almonds and walnuts for hearth health

Nuts, particularly almonds and walnuts, are high in heart-healthy unsaturated fats that can lower cholesterol levels. More specifically, walnuts are a good source of alpha-linolenic acid (ALA), a type of omega-3 fatty acid. Omega-3 fatty acids are considered “good” fats because they have been shown to have many health benefits, including reducing the risk of heart disease, improving brain function, and reducing inflammation.

Almonds are a good source of monounsaturated fats, also considered “good” fats. Monounsaturated fats are believed to be beneficial for heart health because they can help to lower LDL (“bad”) cholesterol levels and increase HDL (“good”) cholesterol levels. In addition to monounsaturated fats, almonds contain small amounts of polyunsaturated fats, including omega-3 fatty acids.

There are many delicious dishes and snacks that you can prepare with nuts. Here are a few ideas:

  • Nut butter: You can make nut butter by grinding nuts in a food processor or blender. This can be spread on toast or used as a base for dips and sauces.
  • Trail mix: Combine a variety of nuts with dried fruit and seeds for a healthy and convenient snack.
  • Salad: Add chopped nuts to your salads for a crunchy texture and extra protein.
  • Baked goods: Nuts can be used as an ingredient in many baked goods, such as bread or pies.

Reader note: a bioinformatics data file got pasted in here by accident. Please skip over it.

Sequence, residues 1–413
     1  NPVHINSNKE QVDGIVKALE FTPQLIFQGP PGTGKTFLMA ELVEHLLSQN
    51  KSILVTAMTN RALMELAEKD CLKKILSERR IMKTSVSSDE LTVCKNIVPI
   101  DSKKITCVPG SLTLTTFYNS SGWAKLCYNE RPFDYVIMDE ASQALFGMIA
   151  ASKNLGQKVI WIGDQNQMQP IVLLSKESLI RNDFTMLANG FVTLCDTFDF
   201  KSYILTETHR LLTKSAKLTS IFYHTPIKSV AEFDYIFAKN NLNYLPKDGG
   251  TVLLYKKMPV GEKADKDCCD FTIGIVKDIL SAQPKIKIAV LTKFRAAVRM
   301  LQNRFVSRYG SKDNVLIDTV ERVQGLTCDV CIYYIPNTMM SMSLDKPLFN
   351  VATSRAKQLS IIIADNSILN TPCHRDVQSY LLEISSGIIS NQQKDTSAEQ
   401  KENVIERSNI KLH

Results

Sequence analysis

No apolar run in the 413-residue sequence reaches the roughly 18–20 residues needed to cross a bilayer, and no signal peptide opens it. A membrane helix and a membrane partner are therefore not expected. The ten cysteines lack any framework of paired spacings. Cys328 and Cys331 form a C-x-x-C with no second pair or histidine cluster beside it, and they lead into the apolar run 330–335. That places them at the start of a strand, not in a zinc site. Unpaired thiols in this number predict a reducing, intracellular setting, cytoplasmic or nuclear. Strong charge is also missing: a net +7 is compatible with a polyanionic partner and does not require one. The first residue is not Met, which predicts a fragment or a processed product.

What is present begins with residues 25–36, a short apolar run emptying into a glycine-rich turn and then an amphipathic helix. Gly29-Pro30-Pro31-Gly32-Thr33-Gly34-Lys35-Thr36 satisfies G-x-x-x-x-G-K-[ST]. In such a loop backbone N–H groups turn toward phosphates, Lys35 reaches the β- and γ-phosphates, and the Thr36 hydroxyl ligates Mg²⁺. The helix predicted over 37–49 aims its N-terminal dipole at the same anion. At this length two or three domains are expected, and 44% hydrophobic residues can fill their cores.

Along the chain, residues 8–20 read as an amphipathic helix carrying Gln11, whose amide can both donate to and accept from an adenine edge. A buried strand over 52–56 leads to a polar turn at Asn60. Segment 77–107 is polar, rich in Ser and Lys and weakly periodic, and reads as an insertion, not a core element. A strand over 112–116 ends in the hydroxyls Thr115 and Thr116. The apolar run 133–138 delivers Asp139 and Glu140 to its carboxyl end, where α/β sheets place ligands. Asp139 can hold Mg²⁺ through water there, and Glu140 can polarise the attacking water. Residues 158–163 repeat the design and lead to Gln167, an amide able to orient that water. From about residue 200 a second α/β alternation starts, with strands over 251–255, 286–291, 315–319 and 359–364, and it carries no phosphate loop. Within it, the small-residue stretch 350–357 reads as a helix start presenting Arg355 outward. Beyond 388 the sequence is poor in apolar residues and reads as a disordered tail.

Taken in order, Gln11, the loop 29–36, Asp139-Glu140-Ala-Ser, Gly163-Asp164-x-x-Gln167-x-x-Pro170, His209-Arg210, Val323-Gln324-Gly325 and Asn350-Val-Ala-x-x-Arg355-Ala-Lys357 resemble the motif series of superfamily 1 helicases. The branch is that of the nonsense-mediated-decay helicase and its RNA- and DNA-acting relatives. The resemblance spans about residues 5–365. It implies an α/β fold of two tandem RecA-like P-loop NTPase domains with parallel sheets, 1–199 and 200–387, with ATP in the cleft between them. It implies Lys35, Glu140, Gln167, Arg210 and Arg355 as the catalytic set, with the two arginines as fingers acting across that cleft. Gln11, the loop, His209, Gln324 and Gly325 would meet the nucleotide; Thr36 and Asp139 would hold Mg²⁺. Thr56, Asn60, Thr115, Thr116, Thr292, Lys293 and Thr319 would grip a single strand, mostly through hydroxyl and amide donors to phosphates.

• Nut milk: Nuts can be soaked and blended with water to create a non-dairy milk alternative.
  • Nut-crusted chicken or fish: Coat your protein of choice in a mixture of ground nuts, breadcrumbs, and spices for a crunchy and flavorful crust.
  • Nut-based sauces: Nuts can be blended with other ingredients to create sauces and dressings, such as pesto or a peanut sauce for noodles.

Legumes (also known as pulses)

Legumes -Cholesterol-Lowering Foods to Include in Your Diet

Legumes, such as beans, lentils, and peas, are high in fiber and protein and can help lower cholesterol. Fiber, especially soluble fiber, can help lower cholesterol levels in the blood. Soluble fiber forms a gel-like substance in the digestive tract, which can bind to cholesterol and bile acids and help remove them from the body. Legumes are a good source of soluble fiber and other nutrients that may help lower cholesterol levels, such as protein and plant sterols.

Other foods high in soluble fiber include apples, oranges, and barley, also mentioned above as a source of beta-glucans. They can help lower cholesterol by binding to cholesterol in the gut and preventing its absorption.

You can prepare many dishes with beans, lentils, chickpeas, and peanuts, although the latter is considered (erroneously) a nut.

Here are a few ideas:

  • Soups and stews: Legumes can be added to soups and stews to add protein and thickness.
  • Salads: For a protein boost, legumes can be cooked and added to salads.
  • Veggie burgers: Legumes can be mashed and formed into veggie burgers or meatless meatballs.
  • Hummus: Chickpeas can be blended with tahini, garlic, and lemon juice to create a delicious dip.
  • Tacos and burritos: Legumes can be used as a filling for tacos and burritos.
  • Pasta (or barley) dishes: Legumes can be added to pasta dishes for protein and fiber.
  • Dips: Legumes can be mashed and mixed with spices and other ingredients to create dips, such as black bean dip or lentil dip.
  • Curries: Legumes such as chickpeas and lentils can be used as a base for curries.